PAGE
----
Fire Trucks Save Lives

fire trucks

Fire trucks come in all shapes and sizes, but they have one thing in common: they save lives. Whether they’re blasting through gridlock traffic or rushing into a burning building, firefighters are there to help. To keep them on their toes, they rely on an array of equipment like thermal imaging cameras, self-contained breathing apparatuses, fire hoses, the jaws of life and other hydraulic rescue tools, floodlights, the AED or Automatic External Defibrillator, and more.

Ladder trucks have long ladders on them that allow firefighters to reach the top of a structure and save trapped victims. They’re also often equipped with water pumps so firefighters can quickly apply water to a fire, as well. Ladder trucks are most commonly seen in cities and towns that have many tall buildings. Some fire departments choose to combine a ladder truck with an engine truck, called a quint, to give their crew the capabilities of both.

While there isn’t any universal fire truck color, most are painted red with white or yellow stripes. Others, such as the Denver Fire Department, opt for less traditional colors like gold or all-over white. Regardless of their color, most fire vehicles use retroreflective markings to make sure they’re easily visible in poor lighting conditions.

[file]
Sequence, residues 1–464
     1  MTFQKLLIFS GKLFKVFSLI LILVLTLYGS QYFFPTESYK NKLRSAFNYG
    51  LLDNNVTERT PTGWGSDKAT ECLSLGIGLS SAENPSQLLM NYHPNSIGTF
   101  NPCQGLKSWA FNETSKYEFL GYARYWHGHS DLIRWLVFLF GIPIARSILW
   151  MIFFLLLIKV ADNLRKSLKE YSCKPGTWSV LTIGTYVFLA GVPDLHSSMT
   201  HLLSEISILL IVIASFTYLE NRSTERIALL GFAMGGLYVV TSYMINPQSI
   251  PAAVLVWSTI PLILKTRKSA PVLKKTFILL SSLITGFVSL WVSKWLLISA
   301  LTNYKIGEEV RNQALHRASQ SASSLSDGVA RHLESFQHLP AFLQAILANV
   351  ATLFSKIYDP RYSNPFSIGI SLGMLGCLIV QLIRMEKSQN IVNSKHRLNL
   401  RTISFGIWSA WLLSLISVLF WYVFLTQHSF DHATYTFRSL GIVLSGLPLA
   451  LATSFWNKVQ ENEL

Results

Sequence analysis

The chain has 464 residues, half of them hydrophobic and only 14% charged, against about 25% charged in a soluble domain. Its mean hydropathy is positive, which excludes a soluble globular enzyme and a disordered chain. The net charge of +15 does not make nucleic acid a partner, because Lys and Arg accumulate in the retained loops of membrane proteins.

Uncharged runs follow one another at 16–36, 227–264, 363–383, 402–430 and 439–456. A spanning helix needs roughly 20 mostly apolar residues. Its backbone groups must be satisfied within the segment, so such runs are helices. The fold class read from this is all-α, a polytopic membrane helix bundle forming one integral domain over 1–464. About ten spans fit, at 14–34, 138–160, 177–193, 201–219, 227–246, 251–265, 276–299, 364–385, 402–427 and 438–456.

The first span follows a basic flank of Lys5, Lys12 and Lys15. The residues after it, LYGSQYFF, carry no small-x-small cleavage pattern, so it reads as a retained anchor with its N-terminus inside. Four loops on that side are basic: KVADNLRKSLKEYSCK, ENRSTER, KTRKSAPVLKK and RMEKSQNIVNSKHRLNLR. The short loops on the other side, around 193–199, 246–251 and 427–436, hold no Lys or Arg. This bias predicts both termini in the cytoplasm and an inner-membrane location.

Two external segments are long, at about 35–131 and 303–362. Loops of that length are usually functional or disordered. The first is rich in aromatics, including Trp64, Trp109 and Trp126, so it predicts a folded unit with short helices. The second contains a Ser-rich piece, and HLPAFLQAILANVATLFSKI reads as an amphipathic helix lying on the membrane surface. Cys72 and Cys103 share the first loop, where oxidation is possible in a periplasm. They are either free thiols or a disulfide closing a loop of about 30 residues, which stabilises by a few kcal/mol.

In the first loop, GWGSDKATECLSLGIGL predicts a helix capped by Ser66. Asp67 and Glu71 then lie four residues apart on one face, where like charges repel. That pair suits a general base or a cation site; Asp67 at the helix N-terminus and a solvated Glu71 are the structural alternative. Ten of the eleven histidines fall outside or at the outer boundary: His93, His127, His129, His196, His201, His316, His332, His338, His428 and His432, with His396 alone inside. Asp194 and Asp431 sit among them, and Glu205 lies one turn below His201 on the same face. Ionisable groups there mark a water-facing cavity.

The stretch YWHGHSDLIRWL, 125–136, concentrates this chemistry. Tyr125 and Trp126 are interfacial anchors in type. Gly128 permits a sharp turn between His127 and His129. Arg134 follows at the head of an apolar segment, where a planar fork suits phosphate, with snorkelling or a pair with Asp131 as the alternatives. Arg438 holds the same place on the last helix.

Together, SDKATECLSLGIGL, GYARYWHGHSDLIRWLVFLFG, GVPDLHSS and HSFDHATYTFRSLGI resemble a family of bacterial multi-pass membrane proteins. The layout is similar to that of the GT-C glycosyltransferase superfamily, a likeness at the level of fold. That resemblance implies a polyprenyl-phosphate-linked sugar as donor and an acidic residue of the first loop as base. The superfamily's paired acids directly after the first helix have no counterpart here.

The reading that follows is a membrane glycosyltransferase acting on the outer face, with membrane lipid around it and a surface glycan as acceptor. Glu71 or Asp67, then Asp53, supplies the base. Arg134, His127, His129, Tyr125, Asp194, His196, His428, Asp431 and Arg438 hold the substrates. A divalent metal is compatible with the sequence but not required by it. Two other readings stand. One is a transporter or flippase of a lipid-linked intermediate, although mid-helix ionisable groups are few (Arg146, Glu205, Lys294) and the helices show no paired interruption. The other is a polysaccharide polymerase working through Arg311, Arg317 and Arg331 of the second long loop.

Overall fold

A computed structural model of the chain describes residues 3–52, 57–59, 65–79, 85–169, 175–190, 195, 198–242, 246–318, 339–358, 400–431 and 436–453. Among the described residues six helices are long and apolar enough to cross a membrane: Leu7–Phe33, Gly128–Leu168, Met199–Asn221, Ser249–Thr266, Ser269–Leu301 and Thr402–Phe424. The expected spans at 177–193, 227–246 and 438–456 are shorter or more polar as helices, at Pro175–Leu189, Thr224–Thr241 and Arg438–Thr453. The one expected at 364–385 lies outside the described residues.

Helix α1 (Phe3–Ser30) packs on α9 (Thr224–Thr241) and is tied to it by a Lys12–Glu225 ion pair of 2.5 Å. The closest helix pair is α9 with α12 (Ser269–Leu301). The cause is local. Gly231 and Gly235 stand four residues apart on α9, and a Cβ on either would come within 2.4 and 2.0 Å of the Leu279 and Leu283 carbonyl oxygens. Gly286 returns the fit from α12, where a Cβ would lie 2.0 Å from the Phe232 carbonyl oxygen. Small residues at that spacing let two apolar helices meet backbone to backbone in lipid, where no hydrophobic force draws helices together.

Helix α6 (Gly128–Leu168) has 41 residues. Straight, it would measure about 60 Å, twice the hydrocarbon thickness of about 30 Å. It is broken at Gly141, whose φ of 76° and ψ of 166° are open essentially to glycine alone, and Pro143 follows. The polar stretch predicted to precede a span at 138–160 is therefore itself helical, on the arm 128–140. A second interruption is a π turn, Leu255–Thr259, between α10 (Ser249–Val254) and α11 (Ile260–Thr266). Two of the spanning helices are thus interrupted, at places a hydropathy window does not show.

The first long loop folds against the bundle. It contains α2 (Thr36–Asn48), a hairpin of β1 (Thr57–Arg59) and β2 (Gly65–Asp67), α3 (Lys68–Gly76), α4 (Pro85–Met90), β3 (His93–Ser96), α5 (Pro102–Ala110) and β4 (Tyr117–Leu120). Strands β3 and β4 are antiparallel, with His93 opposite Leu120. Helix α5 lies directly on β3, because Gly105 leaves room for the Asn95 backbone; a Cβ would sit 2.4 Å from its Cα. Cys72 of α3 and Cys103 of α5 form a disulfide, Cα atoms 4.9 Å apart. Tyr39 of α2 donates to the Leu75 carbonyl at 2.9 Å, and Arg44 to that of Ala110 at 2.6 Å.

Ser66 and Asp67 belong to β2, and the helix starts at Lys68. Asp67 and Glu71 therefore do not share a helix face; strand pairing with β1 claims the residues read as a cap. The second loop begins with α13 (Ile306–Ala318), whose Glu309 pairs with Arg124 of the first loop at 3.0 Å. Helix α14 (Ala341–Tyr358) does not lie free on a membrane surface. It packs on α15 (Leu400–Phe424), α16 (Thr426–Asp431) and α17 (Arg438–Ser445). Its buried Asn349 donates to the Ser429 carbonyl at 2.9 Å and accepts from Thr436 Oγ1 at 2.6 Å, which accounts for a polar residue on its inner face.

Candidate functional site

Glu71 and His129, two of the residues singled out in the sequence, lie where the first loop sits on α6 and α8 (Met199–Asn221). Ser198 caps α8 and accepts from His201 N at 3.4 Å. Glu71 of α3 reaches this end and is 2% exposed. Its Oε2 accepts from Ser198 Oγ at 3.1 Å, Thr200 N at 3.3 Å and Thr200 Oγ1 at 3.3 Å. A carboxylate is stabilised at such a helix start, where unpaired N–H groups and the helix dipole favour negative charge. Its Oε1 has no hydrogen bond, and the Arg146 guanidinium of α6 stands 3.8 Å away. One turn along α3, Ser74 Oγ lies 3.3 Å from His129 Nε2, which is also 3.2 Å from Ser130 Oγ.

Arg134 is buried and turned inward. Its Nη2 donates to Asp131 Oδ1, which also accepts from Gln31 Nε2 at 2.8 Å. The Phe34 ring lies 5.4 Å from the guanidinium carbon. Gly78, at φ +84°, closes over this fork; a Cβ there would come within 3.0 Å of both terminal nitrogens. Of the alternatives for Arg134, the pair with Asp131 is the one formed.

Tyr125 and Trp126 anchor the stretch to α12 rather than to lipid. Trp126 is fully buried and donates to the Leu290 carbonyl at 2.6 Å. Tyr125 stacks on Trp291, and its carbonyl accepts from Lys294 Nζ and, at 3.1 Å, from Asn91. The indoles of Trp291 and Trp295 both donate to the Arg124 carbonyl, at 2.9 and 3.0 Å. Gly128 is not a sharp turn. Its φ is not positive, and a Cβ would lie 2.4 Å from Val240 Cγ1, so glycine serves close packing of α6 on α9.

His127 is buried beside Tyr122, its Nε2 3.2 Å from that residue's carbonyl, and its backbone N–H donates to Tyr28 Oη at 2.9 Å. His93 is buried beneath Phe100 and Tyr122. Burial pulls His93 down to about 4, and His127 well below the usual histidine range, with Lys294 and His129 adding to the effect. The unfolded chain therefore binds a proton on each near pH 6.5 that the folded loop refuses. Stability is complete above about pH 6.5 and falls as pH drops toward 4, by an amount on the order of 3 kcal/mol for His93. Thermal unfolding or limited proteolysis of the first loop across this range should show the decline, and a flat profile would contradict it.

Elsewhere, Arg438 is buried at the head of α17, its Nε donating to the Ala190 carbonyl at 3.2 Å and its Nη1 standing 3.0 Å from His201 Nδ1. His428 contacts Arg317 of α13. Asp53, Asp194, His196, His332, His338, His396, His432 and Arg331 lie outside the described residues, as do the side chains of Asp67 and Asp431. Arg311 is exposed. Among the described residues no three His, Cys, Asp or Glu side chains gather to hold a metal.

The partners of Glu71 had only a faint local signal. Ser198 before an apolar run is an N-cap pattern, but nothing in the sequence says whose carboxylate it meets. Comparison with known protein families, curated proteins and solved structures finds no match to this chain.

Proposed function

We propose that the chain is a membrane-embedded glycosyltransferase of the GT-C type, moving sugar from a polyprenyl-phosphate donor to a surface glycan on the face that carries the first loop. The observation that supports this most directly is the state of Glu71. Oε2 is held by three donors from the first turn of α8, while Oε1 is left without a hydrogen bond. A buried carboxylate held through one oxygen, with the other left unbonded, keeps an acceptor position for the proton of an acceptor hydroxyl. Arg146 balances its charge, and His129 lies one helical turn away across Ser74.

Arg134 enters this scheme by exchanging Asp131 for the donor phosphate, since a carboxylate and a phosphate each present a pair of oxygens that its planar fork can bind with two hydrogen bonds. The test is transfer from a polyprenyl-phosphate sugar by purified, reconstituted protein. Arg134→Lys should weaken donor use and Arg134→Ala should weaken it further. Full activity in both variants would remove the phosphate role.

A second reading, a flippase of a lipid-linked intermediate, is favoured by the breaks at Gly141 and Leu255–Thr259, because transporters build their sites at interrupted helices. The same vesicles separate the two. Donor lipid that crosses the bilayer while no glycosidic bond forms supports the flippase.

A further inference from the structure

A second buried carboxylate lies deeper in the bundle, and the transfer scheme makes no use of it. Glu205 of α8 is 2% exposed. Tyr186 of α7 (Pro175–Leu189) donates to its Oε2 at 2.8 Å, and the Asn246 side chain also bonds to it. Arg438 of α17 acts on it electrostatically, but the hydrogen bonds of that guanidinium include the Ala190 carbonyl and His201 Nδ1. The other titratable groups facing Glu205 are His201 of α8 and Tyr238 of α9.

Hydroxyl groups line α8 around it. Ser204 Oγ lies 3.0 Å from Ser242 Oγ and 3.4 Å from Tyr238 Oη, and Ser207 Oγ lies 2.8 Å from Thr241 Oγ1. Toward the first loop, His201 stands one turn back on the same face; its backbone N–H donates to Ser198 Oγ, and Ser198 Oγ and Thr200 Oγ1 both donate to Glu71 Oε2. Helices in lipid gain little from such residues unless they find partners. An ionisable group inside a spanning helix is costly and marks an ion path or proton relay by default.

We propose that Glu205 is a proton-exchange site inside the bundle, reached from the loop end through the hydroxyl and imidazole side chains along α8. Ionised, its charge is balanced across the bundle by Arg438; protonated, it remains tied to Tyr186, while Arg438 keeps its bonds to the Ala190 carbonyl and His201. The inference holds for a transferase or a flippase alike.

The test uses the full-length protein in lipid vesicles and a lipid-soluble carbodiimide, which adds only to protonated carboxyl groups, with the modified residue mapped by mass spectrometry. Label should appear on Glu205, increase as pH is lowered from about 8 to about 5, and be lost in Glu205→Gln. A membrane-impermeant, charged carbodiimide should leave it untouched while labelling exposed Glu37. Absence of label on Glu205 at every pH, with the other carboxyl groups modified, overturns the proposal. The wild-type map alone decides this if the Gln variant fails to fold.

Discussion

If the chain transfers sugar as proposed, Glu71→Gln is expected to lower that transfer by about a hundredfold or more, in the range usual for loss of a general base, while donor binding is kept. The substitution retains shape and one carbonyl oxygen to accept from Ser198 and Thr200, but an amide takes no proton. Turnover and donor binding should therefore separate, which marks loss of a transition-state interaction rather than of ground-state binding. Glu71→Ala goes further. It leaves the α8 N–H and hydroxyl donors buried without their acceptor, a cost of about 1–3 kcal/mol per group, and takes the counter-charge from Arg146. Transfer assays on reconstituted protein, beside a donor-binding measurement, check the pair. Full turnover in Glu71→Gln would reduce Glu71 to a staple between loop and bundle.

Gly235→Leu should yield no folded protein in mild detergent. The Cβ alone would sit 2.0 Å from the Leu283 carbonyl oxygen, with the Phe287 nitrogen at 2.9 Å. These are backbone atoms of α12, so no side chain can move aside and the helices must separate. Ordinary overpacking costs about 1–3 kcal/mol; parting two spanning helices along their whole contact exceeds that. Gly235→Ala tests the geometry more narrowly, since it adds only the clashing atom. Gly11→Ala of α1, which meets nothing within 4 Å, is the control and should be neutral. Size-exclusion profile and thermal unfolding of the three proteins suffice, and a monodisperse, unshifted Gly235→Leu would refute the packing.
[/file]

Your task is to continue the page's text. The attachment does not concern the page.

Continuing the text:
In addition to the standard equipment mentioned above, most fire trucks are fitted with audible warnings to alert people and traffic to their presence. In the past, these were mechanical bells, but most are now electronic sirens. Most have multiple settings, so the sound produced can vary depending on the type of maneuver the fire truck is performing. For example, in normal traffic, a “wail” setting may be used, while in heavy, slow moving traffic a faster yelp setting might be preferred.

Firefighters have to be able to get into their vehicles and out again quickly, so the design of their fire trucks includes seating for several firefighters. In the past, this was often in the side door area, but today most vehicles have specially designed seats that allow firefighters to sit comfortably while on their way to a call. Many of these seats have special compartments that hold their SCBA, allowing them to don their air packs while on the way to an incident and storing them away when they’re not in use.

Another crucial feature of most fire trucks is a diesel exhaust system to capture and route the vehicle’s diesel fumes outside the truck. This helps reduce the exposure to carcinogens that can put firefighters at risk for developing cancer. It’s a simple, cost-effective solution that keeps our emergency responders safe and ready to go when the call comes in.

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